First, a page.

•The 2000 Annual - vol. 1, Training and vol. 2, Consulting, with numerous tools, presentations and other resources for practitioners.

Flawless Consulting, 2nd ed.

By Peter Block, 371 pages (2000), Jossey-Bass Pfeiffer. At bookstores or (800) 567-4797, www.wiley.com

This title will be recognized by many: It’s an update of the landmark 1981 book aimed at anyone who does “consulting,” broadly defined, and this certainly includes many in the HR field.

Author Peter Block surveys basic concepts and practices including:

•roles of the consultant — expert, pair-of-hands, collaborative as defined by Edgar Schein — and the essential character and problems of each role;

•a 12-step consulting process with the appropriate client involvement at each step;

•understanding and dealing with resistance encountered along the way; and

•appreciating the important differences between the internal and external consultant role, relationships and dynamics.

Readers will find general guidance on four consulting phases, including:

•how to approach contracting, conduct the contracting meeting and dealing with the “agonies;”

•discovery and data collection, including a new chapter on whole-system discovery;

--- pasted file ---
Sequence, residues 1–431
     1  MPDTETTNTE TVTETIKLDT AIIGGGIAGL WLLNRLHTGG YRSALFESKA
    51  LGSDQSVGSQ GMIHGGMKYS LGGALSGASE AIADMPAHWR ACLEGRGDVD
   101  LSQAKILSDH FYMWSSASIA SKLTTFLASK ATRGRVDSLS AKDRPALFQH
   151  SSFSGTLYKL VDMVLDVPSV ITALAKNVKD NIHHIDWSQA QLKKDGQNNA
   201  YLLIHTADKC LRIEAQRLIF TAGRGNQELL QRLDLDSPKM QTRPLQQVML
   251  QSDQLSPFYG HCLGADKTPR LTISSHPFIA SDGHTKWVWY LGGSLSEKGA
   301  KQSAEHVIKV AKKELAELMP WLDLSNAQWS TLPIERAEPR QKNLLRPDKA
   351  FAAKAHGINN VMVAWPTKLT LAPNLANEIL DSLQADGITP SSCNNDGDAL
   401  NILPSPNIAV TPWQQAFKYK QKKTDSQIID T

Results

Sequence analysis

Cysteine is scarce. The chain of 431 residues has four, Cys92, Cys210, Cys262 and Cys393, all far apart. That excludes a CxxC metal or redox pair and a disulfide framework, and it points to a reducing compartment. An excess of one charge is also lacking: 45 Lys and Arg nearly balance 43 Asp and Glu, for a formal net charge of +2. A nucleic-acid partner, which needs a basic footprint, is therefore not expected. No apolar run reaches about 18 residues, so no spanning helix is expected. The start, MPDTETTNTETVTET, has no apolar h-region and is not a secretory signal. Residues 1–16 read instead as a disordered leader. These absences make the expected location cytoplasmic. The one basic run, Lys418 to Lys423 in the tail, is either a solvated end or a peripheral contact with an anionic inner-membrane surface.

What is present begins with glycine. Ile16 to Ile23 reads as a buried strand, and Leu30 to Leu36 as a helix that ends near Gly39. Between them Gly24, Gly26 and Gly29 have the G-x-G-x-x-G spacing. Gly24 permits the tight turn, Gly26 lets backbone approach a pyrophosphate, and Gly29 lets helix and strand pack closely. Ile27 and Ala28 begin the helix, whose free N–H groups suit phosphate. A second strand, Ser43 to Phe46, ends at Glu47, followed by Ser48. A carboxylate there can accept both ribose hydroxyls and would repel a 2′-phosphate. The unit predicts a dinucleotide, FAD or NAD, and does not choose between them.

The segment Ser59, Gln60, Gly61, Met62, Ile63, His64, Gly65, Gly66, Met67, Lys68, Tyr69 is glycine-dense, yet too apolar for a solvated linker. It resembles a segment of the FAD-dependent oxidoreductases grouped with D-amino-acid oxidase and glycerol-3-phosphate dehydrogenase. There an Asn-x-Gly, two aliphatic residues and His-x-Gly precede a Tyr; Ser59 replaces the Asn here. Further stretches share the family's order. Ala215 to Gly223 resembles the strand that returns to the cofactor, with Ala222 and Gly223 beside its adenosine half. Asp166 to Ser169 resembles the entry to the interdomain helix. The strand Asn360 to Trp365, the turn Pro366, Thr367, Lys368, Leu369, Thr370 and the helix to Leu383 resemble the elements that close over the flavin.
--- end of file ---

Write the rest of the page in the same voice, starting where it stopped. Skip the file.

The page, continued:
•feedback and the decision to act; and

•engagement and implementation, making the key distinction between “installation” and “engagement” models.

There are new chapters on implementation (barely touched on in the first edition, but recognized as supremely important now) and on strategies for engagement.

Block observes that since the original edition came out, “...change management and organization improvement consulting have become big business. ...The dark side of this commercialization of change is that client disappointments growing out of exaggerated consultant promises now take place on a much wider scale. The price we all pay for this is that each consultation that ends in disappointment breeds a cynicism that makes the next effort at change more difficult.”

This new edition includes new sections on ethics and the “Heart of the matter,” which will help readers recognize and avoid some of the negative impacts of consulting’s rapid growth in areas like re-engineering, leadership developmeant and performance management, for example, arrangements where consultants guarantee results in return for a fee, through in-sourcing or surrogate management.